Note from the Publisher: Hopefully you noticed the lack of blog posts the past two weeks - we were hit with a Mailchimp hack that suspended our account and deleted most of our subscriber base. We are back online, and hope to regain subscribers in the weeks to come (please help by spreading the word that folks need to resubscribe here!). While we’ve been offline, Andrew has been preparing several new blog posts, and I’ve been working on upcoming publications. We’re excited about how Log College Press is growing (we’re up to 4200+ works by over 750 authors in our free PDF Library), and we look forward to collecting and reprinting even more 18th-19th century American Presbyterian literature in days to come! Thank you for following us, and for spreading the word about our work — Caleb Cangelosi
Six early American Presbyterian heroes of the faith were sculpted by Alexander Stirling Calder (1870-1945) over a century ago. These sculptures are now located at the garden entrance to the Presbyterian Historical Society in Philadelphia, Pennsylvania. They stand as a testimony not just to individual men, but to the ideals that they represent. They are described as follows.
Known as the “Fighting Parson,” James Caldwell became a pivotal figure during the Revolutionary War —what some historians have dubbed “The Presbyterian Rebellion.” When Continental troops ran out of gun wadding at the Battle of Springfield, Caldwell passed out Watts Psalm books, exhorting the troops to “Put Watts into them, boys!” The killing of Caldwell’s wife by British forces swayed many in New Jersey to support the Patriot cause.
A native of Scotland, John Witherspoon sailed to America in 1768 to become president of the College of New Jersey — today’s Princeton University. A strong supporter of Enlightenment ideals, he viewed the growing centralization of British government in the American colonies as a threat to individual liberties. While a delegate to the Continental Congress, he was one of twelve Presbyterians to sign the Declaration of Independence, and the only active member of the clergy.
Champions of Religious Freedom
Francis Makemie served as the first moderator of the first presbytery in America, which met in Philadelphia in 1706. The native of Ireland is also remembered as an early crusader for religious freedom. When the British magistrate Lord Cornbury arrested him in New York for preaching without a license, Makemie invoked the British Tolerance Act of 1689 in his defense. After Makemie’s acquittal, the New York legislature enacted legislation preventing such persecution in the future.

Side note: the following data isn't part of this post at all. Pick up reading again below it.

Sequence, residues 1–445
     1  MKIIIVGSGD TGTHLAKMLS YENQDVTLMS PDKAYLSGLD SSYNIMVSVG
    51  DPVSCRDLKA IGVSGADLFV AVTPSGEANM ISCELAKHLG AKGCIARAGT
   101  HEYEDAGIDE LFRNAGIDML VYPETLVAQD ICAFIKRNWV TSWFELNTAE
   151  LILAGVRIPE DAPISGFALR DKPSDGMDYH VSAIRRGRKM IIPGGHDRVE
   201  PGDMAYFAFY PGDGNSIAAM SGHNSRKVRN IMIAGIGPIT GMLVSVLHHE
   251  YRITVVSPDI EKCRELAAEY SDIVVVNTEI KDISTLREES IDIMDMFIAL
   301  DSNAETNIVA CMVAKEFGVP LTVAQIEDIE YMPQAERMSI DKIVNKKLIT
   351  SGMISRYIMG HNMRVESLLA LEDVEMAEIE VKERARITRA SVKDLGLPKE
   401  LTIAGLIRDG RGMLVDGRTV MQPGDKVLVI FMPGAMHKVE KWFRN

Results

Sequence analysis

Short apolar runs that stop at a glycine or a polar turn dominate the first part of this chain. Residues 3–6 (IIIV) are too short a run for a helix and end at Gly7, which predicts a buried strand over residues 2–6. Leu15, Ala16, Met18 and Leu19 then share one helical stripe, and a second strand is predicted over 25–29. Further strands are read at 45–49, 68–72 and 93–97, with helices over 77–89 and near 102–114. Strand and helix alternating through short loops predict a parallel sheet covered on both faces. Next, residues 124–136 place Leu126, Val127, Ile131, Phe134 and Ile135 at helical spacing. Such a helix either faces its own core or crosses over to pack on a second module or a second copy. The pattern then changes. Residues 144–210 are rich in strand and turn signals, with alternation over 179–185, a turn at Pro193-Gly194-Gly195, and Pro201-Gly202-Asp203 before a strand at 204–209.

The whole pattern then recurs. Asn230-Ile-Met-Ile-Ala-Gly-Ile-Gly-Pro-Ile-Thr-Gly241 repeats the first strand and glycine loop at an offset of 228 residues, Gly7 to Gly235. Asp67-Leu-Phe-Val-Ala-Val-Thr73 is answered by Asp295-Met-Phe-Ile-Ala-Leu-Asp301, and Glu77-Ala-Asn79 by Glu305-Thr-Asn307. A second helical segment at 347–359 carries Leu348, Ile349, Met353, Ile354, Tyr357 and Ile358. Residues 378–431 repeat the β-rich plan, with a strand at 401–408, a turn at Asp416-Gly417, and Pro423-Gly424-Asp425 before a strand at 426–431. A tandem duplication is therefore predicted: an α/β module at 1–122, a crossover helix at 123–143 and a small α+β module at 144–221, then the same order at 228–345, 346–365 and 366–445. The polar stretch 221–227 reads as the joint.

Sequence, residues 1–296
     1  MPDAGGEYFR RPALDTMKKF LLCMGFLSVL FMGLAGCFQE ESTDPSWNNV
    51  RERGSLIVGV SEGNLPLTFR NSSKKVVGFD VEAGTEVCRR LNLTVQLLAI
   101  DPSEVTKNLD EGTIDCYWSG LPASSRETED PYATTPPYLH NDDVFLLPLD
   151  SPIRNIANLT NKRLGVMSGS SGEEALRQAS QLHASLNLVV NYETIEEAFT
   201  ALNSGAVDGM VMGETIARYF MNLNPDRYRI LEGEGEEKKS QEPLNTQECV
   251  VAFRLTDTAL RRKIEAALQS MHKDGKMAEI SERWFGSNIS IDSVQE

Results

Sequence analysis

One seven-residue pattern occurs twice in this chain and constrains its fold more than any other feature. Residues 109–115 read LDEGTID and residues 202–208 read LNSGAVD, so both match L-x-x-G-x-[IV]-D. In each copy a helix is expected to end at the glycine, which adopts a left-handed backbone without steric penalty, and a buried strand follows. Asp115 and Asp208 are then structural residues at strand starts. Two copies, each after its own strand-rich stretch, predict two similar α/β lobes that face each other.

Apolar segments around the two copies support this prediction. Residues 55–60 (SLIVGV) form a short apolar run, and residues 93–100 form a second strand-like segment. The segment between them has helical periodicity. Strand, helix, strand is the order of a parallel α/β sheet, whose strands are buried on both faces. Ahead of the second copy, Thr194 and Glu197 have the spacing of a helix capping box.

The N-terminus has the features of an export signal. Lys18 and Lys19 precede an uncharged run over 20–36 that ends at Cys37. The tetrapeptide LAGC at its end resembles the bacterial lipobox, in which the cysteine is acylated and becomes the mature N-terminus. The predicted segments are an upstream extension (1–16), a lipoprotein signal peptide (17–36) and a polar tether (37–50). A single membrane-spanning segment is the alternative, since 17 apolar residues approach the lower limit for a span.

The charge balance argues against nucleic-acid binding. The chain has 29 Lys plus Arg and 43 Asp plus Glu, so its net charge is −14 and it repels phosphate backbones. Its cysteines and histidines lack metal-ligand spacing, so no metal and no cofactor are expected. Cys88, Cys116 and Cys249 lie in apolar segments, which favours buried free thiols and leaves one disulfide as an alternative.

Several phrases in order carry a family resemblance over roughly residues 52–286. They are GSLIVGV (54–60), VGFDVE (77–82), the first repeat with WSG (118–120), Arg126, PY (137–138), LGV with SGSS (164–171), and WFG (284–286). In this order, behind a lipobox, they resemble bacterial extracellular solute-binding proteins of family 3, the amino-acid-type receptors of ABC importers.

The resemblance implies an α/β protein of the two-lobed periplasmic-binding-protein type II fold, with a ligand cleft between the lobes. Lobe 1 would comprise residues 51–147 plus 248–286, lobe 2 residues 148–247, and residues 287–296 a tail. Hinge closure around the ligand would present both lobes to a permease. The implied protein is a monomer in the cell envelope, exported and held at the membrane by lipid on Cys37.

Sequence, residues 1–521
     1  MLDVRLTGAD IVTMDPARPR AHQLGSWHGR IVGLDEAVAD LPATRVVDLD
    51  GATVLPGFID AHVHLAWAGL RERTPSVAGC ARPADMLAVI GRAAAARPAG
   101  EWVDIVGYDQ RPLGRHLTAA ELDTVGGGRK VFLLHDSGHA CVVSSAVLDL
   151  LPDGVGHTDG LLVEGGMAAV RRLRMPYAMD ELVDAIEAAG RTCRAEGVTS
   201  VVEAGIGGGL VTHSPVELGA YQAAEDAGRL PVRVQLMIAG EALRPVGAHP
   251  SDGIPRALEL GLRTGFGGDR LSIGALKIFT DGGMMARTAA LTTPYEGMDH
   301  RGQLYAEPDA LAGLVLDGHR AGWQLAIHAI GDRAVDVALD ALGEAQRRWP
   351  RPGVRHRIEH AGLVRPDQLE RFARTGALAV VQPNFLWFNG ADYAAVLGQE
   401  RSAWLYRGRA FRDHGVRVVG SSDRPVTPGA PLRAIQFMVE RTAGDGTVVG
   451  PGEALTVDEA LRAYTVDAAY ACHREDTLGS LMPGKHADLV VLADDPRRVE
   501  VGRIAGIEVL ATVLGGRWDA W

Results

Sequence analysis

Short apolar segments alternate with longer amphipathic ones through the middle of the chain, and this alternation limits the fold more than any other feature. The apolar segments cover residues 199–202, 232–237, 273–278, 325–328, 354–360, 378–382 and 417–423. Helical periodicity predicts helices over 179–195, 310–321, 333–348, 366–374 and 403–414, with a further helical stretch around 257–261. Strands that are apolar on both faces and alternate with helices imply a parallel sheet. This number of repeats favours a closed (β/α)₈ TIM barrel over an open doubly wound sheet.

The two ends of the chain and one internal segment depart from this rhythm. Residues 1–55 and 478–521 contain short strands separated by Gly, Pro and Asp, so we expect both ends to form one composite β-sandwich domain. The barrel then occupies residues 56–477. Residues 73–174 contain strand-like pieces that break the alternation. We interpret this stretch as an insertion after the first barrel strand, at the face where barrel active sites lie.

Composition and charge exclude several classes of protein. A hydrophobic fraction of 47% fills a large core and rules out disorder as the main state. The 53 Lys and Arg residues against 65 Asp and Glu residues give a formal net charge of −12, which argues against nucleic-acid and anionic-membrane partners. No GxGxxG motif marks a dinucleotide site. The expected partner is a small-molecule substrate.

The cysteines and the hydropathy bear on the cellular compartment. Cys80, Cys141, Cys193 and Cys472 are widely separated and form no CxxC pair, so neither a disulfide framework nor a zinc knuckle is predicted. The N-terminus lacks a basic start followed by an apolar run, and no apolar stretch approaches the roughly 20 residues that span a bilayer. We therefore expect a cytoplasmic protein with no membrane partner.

Samuel Davies overcame tuberculosis and his outsider status as a Presbyterian minister in predominantly Anglican Virginia to promote religious tolerance and the separation of church and state. A leading figure during the first Great Awakening, Davies preached in favor of educating all of God’s children, insisting that persons of faith must be able to hear and read the word of God. Davies was one of the first ordained ministers to preach directly to slaves and the first American-born hymnist.
The “Father of Presbyterianism in Western Pennsylvania,” John McMillan was a circuit riding preacher who established mission churches along the frontier. In 1780 he founded The Log School in Canonsburg, Pennsylvania, the first educational institution west of the Alleghenies. McMillan’s efforts on behalf of an educated citizenry saw him play key roles in the founding of other schools, including Washington-Jefferson College and Pittsburgh Academy — today’s University of Pittsburgh.
A medical doctor, Marcus Whitman traveled with his wife Narcissa to Oregon Country in 1835 and there started a school that taught Cayuse Indians to read and write their native language. A later cross-continental trip saw Whitman lead one of the first wagon trains along the Oregon Trail. Whitman College in Walla Walla, Washington, is named for the Whitmans, who were killed in an Indian massacre after a measles epidemic decimated the local Cayuse population.
The men portrayed in these statues are heroes to us as well. Learn more about their lives and writings at the links above. We appreciate the work of the Presbyterian Historical Society in preserving these sculptures, and the legacy of early American Presbyterianism, as we also do here at Log College Press.